Our summer vacation commenced on July 4 as we dashed out the door not looking back and remembering to bring Lou’s milk cup, which was left to fester in a sealed up apartment enveloped in full blazing NYC summer heat. We left Harlem behind for Los Angeles pastures including immediate cocktails and barbecued kalbi. It’s only in the summer that you work to keep yourself busy with such leisurely activities – making peach cobbler due to an abundance of mom’s garden grown peaches, swimming at the pool for a number of reasons and figuring out what the night’s drink will be to go with whatever’s being grilled. Lou has discovered the beauty of having space, a backyard and a vehicle. Staying with my parents is always (usually, no, for the most part 😉 ) a delight and there is no place like home like their backyard next to the hot grill and fire pit going on a 7th s’more.
Enjoying a sunny day in Seattle is finely celebrated by going to the beach. The water may be still be frigid in June but when the sun comes out, it’s GLORIOUS! Couple that with a sautéed prawn, garlic tapenade and caramelized onion sandwich from nearby Caribbean food outpost Paseo and you’ve got yourself a winning day.
Paseo Caribbean Restaurant – Ballard
6226 Seaview Ave NW
When home in NYC, Union Square Park is the park we most frequent. Lou loves the sandbox as do I since I can sit back and not be on the chase chanting no. Even a plastic cup will suffice as an object of curiosity. From Harlem, it's just four stops on the 4 or 5. The next time we get to the park, it'll finally be time to go out in shorts and crocs (Lou). Union Square Greenmarket at Union Square is also one of the best farmers market in town held on Mondays, Wednesdays, Fridays and Saturdays offering items such as ostrich eggs, dried lavender, duck breast, and gorgeous seasonal produce galore.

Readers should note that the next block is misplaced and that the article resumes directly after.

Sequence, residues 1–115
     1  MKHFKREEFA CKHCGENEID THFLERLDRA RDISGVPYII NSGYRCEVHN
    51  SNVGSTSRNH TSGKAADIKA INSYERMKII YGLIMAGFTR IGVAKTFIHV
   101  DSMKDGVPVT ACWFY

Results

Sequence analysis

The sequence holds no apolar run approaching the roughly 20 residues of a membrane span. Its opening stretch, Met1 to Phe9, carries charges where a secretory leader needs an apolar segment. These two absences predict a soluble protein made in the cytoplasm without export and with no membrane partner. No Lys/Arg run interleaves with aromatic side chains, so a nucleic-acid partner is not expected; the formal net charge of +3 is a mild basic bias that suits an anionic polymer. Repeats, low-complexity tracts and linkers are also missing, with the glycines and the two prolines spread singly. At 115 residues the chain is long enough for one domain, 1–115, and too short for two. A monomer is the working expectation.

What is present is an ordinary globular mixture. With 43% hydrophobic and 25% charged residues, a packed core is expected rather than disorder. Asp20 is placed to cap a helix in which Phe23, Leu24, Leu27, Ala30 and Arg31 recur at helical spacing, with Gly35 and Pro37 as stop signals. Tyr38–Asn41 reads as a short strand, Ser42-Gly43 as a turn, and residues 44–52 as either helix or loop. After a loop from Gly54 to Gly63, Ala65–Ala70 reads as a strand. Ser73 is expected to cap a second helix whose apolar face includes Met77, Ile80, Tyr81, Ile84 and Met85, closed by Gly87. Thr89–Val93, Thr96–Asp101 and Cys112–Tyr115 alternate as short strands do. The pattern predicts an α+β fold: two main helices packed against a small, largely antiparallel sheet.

During the last few days of winter, we made it to The Standard Ice Rink in the Meatpacking District. The rink nests just in front of the hotel where all passerby Standard-y guests can see you bask in all your ice skating glory. There is a petit chalet where you can rent skates and an area to indulge in aprés (and avant) skate treats. The photo on the right was taken almost exactly four years ago in Siberia. That’s Lake Baikal I’m standing on, in ice skates as well, during the winter of 2007 when I embarked on my first trip out of the states to accompany Olivier (the Great and my now husband) to amazingly accessible Siberia. Lake Baikal is the oldest and deepest freshwater lake in the world, with more freshwater than the Great Lakes combined. Skating on the lake was pretty radical and the ice was so clear and so dark and there was almost a mile’s down worth of water beneath. The cracks were majestic though petrifying if they happened to actually crack while you’re out ice skating on the lake, which did happen. The sounds you hear before the ice cracks are thunderous booms coming seemingly from afar though you feel it in your bones that it’s going to come way too close for comfort and if you’re me and you’re not that great of an ice skater to begin with having ice skated very non-seriously in Hawaii while growing up, you’ve froze wearing the unfortunate skates with only a narrowed vision of the others skating far away to the truck for some safety. Just then the crack appears just a few feet from your feet and you realize you remain alive above the ice. Olivier took the photo below just moments before the whole cracked ice thing. The moment was unforgettable and now that I think about, falling on the rink at the Standard would not have been the end of the world.